The difficulty in modelling inflation and the significance in discovering the underlying data generating process of inflation is expressed in an ample literature regarding inflation forecasting. In this paper we evaluate nonlinear machine learning and econometric methodologies in forecasting the U.S. inflation based on autoregressive and structural models of the term structure. We employ two nonlinear methodologies: the econometric Least Absolute Shrinkage and Selection Operator (LASSO) and the machine learning Support Vector Regression (SVR) method. The SVR has never been used before in inflation forecasting considering the term--spread as a regressor. In doing so, we use a long monthly dataset spanning the period 1871:1 – 2015:3 that covers the entire history of inflation in the U.S. economy. For comparison reasons we also use OLS regression models as benchmark. In order to evaluate the contribution of the term-spread in inflation forecasting in different time periods, we measure the out-of-sample forecasting performance of all models using rolling window regressions. Considering various forecasting horizons, the empirical evidence suggests that the structural models do not outperform the autoregressive ones, regardless of the model’s method. Thus we conclude that the term-spread models are not more accurate than autoregressive ones in inflation forecasting.Periklis Gogas, Theophilos Papadimitriou, Vasilios Plakandaras, Rangan Gupta2015-06U.S. Inflation, forecasting, Support Vector Regression, LASSORobustness in Foreign Exchange Rate Forecasting Models: Economics-based Modelling After the Financial Crisis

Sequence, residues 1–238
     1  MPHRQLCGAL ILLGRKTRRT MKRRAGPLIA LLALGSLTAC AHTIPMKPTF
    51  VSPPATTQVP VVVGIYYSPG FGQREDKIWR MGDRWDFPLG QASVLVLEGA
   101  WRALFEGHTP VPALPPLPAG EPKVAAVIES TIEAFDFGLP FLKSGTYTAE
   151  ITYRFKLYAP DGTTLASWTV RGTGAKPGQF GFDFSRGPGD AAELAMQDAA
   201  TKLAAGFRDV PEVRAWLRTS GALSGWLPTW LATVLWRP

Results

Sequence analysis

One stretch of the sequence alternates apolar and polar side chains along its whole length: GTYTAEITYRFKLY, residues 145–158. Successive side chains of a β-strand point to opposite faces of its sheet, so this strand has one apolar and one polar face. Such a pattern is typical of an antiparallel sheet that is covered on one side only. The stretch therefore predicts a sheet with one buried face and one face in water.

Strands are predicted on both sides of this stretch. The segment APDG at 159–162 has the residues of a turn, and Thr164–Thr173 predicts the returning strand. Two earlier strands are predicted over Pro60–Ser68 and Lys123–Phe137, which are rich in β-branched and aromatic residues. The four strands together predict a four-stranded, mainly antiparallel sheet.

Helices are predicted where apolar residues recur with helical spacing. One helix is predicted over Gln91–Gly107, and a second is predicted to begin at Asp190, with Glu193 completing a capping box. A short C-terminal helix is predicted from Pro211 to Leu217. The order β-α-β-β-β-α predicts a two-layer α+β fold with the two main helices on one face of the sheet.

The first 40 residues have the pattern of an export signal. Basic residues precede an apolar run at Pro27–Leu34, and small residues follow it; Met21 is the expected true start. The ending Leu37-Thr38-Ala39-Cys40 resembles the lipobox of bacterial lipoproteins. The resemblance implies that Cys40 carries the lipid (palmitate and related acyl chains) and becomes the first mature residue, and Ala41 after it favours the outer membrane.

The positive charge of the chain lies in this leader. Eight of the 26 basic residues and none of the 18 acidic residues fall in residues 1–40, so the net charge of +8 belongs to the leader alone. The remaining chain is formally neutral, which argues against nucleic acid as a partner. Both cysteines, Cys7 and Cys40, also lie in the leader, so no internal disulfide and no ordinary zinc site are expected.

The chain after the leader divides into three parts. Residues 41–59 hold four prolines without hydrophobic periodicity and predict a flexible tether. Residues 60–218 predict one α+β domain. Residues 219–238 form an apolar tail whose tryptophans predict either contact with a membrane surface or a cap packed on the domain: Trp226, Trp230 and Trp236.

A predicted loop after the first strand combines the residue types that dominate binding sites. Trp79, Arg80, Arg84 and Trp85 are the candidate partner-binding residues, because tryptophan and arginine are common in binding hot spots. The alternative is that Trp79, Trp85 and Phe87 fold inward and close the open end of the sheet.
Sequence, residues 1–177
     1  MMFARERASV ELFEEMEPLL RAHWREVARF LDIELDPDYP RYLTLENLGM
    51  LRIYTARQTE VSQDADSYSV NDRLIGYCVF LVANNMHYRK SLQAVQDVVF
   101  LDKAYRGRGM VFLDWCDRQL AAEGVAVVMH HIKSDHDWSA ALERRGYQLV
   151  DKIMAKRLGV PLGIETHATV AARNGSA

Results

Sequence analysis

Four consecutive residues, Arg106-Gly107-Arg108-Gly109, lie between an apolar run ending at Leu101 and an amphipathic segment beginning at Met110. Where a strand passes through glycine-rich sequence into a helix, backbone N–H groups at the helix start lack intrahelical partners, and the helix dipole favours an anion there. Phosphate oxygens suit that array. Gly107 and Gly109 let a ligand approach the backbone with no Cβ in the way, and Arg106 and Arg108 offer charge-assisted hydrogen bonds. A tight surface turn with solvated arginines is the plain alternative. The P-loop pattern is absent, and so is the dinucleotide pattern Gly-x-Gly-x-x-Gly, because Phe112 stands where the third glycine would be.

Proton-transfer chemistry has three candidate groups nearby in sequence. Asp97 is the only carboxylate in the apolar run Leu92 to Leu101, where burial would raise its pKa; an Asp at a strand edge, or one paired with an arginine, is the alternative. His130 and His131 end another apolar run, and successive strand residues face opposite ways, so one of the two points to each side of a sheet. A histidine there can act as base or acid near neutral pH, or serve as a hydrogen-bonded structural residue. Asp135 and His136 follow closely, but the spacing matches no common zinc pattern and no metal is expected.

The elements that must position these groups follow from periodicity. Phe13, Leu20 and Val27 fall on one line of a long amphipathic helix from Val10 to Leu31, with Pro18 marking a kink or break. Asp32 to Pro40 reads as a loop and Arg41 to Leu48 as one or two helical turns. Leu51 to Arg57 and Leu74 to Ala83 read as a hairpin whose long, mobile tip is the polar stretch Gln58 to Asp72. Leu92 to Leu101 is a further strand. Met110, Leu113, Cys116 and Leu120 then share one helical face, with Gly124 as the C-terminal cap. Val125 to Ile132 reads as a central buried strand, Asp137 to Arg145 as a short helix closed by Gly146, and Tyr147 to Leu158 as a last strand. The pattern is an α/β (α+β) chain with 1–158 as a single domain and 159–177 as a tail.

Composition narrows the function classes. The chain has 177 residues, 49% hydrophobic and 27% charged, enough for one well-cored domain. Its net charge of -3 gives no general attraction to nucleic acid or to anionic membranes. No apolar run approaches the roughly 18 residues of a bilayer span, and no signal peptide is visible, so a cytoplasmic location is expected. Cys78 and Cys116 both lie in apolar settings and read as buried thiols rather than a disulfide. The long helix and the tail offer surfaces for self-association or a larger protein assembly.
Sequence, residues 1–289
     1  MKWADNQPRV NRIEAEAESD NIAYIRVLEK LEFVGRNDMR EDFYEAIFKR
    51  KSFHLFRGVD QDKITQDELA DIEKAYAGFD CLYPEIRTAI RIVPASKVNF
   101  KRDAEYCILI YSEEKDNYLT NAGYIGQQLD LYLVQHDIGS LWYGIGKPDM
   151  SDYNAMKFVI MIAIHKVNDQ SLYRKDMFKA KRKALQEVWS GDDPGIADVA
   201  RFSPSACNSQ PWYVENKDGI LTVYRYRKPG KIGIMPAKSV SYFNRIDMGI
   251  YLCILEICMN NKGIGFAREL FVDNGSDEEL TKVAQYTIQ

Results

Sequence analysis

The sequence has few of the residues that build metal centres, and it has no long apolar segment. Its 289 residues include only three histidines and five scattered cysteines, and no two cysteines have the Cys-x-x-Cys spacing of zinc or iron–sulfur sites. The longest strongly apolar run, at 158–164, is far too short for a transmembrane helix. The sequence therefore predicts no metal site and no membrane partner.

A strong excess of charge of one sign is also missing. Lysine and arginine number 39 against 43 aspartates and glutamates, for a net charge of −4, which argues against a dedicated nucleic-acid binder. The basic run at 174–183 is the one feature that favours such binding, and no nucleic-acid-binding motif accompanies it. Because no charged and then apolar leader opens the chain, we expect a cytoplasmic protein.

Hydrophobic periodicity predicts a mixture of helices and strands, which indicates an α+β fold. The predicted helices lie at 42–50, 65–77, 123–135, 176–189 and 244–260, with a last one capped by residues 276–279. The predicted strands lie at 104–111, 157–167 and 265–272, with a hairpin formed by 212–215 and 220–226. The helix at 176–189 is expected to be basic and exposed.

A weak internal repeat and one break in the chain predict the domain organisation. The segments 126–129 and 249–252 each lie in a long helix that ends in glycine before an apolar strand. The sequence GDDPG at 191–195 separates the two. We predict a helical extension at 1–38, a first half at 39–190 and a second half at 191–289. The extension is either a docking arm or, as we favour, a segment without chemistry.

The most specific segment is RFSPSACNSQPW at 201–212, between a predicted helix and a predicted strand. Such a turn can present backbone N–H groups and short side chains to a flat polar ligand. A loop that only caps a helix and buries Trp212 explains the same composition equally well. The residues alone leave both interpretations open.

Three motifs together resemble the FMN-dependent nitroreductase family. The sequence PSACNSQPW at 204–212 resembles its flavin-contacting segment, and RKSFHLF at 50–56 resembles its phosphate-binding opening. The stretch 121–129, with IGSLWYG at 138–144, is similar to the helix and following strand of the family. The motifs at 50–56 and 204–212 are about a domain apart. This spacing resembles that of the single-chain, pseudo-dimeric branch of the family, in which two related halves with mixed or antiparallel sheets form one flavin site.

http://d.repec.org/n?u=RePEc:pra:mprapa:65290&r=for